How to Survive High Inflation

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Investors greatly underestimate the danger of inflation. While it is measured by a rise in prices, inflation is actually a currency’s loss of purchasing power over time. The lifetimes of our elders easily demonstrate this fact.

My great-grandmother Florence Mortlock was born in 1904 and lived to 2004. At the end of her 100-year lifetime, $100,000 had no more purchasing power than $5,000 did when she was born. That is the normal effect of inflation.

Even over the past 32 years, inflation has taken its toll. It takes $22 today to buy what was worth $10 in 1990. Put another way, today’s dollar only buys 45.249% of what it could have in the past.

Inflation is not something that any of us can just wish away. It is an economic condition that ultimately affects the purchasing power of everyone’s cash. It is like the rain. You must prepare in advance — wear rain boots and a rain coat and carry an umbrella — in order to stay dry.

Americans are generally unfamiliar with large purchasing power fluctuations. However, recent conditions are giving a new generation experience with this unfortunate condition. And fortunately for us, there are things that we can do to survive or even thrive during high inflation.

Inflation-Protect Some of Your Bond Allocation

Buying bonds carries at least three risks.

  • First, your purchasing power could be lost through inflation by the time your bond matures. When you get your money back, it won’t buy as much.
  • Second, your bond could be worth less than your purchase price if you need to sell your bond before maturity and interest rates have risen.
  • And third, the bond issuer could default, stop paying interest, and fail to return your investment.

Like stocks, each of these risks can be reduced through diversification by purchasing bonds with different maturities, credit qualities, industries, and countries.

However, you can see that inflation is one of the factors that affect bond pricing. Generally, when inflation rises, bond prices fall and when inflation falls, bond prices rise. This is because inflation makes the $1,000 you are paid back worth less than $1,000 was worth when you bought the bond.

Bonds with longer terms are the most vulnerable to losses from rising inflation. For this reason, it is normally a good idea to stage the next few years of your upcoming withdrawals in short-term bonds while short-term inflation-protected bonds (called TIPS) might be an even better choice.

Treasury inflation-protected securities (TIPS) increase their rate of return by the CPI-U inflation measurement. Semiannually, the bond’s principal increases by the same percentage as the CPI-U index. With the same interest rate, a higher principal means higher dollar-value interest payments.

Staging short-term and inflation-protected securities as a part of your bond allocation makes sense for investors with withdrawal needs.

If you are not anticipating withdrawing from any of your investment accounts over the next 7 years, then you do not need a bond allocation. In fact, even compared to short-term TIPS, a portfolio of stocks is historically more likely to keep up with or surpass inflation.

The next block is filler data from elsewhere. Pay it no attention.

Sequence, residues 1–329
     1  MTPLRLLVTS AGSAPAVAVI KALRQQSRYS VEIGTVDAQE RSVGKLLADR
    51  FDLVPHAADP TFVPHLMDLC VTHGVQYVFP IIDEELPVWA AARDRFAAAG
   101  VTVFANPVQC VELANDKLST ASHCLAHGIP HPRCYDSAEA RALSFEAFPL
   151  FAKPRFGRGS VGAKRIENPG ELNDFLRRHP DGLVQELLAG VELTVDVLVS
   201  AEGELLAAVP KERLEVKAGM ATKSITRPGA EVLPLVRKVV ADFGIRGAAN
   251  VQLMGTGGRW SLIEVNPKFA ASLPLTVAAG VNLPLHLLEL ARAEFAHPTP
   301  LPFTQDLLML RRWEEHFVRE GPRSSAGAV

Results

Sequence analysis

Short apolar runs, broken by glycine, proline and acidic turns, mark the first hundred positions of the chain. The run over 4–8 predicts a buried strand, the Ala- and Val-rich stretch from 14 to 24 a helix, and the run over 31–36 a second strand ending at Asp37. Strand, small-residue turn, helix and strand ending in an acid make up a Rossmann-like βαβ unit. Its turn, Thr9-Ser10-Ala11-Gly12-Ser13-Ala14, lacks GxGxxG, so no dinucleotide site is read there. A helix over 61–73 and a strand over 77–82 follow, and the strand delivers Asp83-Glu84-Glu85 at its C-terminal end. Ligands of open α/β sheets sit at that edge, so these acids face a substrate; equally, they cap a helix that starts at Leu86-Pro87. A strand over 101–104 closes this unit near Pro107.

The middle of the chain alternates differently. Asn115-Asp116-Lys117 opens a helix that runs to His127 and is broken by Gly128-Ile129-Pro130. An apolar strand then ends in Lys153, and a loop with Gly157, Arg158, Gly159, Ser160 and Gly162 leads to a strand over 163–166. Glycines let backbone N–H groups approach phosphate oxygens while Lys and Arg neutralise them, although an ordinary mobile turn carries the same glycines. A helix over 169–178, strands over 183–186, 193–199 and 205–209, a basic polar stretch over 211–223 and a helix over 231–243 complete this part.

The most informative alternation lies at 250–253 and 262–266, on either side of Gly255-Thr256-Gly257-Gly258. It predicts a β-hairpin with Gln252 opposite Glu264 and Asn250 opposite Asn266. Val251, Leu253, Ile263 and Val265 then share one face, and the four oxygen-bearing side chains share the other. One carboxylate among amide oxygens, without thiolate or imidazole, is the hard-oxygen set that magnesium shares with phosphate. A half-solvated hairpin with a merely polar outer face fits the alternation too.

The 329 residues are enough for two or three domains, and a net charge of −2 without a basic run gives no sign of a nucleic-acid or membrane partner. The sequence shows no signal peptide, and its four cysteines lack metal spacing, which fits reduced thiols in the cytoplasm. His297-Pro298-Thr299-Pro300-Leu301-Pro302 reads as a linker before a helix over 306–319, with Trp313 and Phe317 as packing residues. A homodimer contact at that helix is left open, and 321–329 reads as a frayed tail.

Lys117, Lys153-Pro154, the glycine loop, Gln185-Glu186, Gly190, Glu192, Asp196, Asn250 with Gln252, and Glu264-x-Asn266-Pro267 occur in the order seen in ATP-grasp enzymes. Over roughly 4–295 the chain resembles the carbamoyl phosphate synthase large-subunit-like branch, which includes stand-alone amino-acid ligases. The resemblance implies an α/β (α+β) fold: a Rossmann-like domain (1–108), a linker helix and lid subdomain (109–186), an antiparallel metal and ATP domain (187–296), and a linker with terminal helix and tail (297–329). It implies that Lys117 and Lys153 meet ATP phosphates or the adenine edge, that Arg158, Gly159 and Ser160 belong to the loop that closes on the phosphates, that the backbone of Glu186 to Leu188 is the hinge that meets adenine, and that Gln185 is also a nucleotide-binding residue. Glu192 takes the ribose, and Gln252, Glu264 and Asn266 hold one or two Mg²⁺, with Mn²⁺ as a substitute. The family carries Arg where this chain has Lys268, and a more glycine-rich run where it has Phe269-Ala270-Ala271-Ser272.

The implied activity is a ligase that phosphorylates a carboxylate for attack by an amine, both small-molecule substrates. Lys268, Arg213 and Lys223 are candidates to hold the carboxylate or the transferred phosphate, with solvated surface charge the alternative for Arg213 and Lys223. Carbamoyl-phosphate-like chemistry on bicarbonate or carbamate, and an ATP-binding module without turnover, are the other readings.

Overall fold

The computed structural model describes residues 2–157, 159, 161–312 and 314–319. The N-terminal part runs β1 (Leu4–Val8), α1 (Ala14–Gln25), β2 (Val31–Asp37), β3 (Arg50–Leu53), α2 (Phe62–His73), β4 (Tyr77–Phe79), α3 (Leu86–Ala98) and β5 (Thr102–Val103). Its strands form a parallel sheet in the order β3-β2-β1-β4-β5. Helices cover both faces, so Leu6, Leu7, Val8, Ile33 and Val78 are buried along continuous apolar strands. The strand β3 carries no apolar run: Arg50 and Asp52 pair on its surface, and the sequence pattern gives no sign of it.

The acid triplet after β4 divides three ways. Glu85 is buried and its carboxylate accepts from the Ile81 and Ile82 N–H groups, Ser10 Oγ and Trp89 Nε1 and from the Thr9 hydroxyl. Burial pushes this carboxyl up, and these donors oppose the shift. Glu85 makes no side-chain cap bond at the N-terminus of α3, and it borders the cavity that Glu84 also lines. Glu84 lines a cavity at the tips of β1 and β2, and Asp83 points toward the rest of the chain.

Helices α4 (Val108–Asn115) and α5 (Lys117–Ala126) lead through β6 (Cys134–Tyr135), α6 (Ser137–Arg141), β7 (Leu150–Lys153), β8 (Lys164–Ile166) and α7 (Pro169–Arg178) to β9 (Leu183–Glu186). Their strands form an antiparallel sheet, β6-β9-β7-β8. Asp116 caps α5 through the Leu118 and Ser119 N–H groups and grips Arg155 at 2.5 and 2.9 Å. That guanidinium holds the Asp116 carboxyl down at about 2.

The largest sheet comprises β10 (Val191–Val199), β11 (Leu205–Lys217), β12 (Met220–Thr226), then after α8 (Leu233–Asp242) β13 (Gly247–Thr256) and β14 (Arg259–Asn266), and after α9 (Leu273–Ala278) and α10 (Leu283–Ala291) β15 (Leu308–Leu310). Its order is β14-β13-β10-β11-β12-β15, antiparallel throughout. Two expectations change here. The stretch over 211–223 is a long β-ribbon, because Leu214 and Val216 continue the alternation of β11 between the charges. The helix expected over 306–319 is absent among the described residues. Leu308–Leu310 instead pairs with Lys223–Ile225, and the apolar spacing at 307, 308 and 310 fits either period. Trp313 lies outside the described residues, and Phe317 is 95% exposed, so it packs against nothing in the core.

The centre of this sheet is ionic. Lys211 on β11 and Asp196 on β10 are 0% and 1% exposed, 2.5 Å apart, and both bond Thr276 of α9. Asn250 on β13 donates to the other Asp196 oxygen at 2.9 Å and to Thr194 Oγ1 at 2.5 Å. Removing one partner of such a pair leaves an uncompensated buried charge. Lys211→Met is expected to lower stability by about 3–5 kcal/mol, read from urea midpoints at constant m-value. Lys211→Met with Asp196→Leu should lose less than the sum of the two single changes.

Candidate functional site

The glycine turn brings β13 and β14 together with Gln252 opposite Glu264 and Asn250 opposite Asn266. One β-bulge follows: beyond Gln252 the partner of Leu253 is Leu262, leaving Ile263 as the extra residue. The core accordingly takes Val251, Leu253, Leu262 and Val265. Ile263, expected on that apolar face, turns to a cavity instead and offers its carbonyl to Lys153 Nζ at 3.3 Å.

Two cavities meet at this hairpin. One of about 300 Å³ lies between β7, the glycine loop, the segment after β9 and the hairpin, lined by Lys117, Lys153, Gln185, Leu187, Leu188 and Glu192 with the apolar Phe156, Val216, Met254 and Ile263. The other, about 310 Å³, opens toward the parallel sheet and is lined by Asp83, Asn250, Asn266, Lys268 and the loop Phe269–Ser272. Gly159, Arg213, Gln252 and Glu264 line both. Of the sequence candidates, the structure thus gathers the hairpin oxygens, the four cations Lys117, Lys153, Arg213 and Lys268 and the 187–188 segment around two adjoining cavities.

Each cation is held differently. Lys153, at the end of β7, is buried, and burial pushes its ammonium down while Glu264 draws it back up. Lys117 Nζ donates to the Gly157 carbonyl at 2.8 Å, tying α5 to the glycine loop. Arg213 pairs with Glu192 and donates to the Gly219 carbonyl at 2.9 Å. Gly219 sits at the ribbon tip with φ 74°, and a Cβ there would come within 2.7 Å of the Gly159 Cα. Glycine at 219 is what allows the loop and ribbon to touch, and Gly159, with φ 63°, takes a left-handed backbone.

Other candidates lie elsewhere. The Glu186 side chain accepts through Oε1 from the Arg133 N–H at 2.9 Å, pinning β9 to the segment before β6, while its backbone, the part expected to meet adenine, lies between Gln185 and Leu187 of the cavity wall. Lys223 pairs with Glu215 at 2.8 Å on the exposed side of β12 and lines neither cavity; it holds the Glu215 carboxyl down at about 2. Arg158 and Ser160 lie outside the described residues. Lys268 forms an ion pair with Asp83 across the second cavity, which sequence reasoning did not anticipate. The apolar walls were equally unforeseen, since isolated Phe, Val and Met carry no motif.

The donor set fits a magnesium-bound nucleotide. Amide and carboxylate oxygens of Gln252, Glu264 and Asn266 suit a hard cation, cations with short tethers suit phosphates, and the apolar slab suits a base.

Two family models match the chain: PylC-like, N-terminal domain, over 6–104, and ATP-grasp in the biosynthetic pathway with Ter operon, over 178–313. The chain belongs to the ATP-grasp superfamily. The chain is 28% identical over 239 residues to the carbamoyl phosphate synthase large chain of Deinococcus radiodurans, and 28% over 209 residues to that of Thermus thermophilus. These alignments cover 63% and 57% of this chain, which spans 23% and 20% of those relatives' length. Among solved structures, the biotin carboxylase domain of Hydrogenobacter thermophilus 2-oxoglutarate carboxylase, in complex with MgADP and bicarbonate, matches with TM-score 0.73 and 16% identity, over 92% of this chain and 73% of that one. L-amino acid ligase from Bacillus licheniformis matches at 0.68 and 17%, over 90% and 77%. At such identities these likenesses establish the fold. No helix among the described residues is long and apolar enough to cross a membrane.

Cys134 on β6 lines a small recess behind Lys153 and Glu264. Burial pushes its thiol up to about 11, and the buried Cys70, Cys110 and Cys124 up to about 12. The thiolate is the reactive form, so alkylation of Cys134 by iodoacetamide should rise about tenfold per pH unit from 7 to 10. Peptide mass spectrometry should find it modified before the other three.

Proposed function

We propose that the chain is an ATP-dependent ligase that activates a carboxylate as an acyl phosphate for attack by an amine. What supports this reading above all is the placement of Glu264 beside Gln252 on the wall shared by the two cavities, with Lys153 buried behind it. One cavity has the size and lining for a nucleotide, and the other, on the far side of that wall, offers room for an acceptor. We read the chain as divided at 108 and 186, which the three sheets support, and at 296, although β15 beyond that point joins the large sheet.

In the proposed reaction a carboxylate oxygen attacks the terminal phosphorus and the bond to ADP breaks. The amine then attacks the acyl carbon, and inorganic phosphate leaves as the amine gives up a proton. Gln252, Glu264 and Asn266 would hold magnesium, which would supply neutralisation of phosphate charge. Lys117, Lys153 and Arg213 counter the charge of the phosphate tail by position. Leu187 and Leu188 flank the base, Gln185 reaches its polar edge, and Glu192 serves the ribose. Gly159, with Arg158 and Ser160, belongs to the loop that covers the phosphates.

Pay Minimum on Low-Interest-Rate Debt

Most debt is bad debt, but there are two important exceptions to this rule: home mortgages and student loans. Diligent savers can use these types of debt to their advantage.

If you are capable of generating wealth through diligent saving, having a 30-year fixed mortgage or 10-year fixed student loan at low interest rates are the best hedges against inflation.

During periods of low or moderate inflation, it can be tempting to pay more than the minimum. The sooner you pay off your loans, the sooner you can start building wealth… or so the thinking goes.

In reality, as a rule of thumb, the lower the interest rate, the better off you’ll be just paying the minimum monthly payment and nothing more. Take the extra money you were going to pay on your loan and invest it instead. This rule of thumb can be used as a guide during all seasons, but it is especially true during periods of high inflation.

While your fixed loan payment stays exactly the same, the purchasing power of your currency is changing quickly during sharply rising inflation.

Imagine that you have a mortgage where you are required to pay $1,000 each month. You made the minimum payments during the 12-months of May 2021 through April 2022. Over that time period, inflation was 8.26%. This means that the purchasing power of your money declined over the time period so that a dollar in April 2022 can only buy 92.37% of what it could buy back in May 2021.

Put another way, your past nominal $1,000 May 2021 payment cost you $1,083 of future inflation-adjusted April 2022 dollars. If you had pay $250 more than the minimum one month, it would have cost you $103 more dollars of purchasing power to make that extra payment in May 2021 rather than April 2022.

In this way — even ignoring the opportunity cost of missed investment returns or the intricacies of the amortization schedule — sharply rising inflation makes the fixed payments of today cost you more purchasing power than the same dollar amount of payments in the future.

We can add inflation to the growing list of reasons why you should consider paying only the minimum on your student loans and mortgage.

Ask for a Raise

It can be awkward to negotiate your salary, but during sharply rising inflation it is important . With an 8.26% 12-month inflation, if your salary doesn’t increase, you just got a 7.63% pay cut with respect to purchasing power.

Asking for a raise that, at least, keeps up with recent inflation will make sure that you can still afford your savings and lifestyle.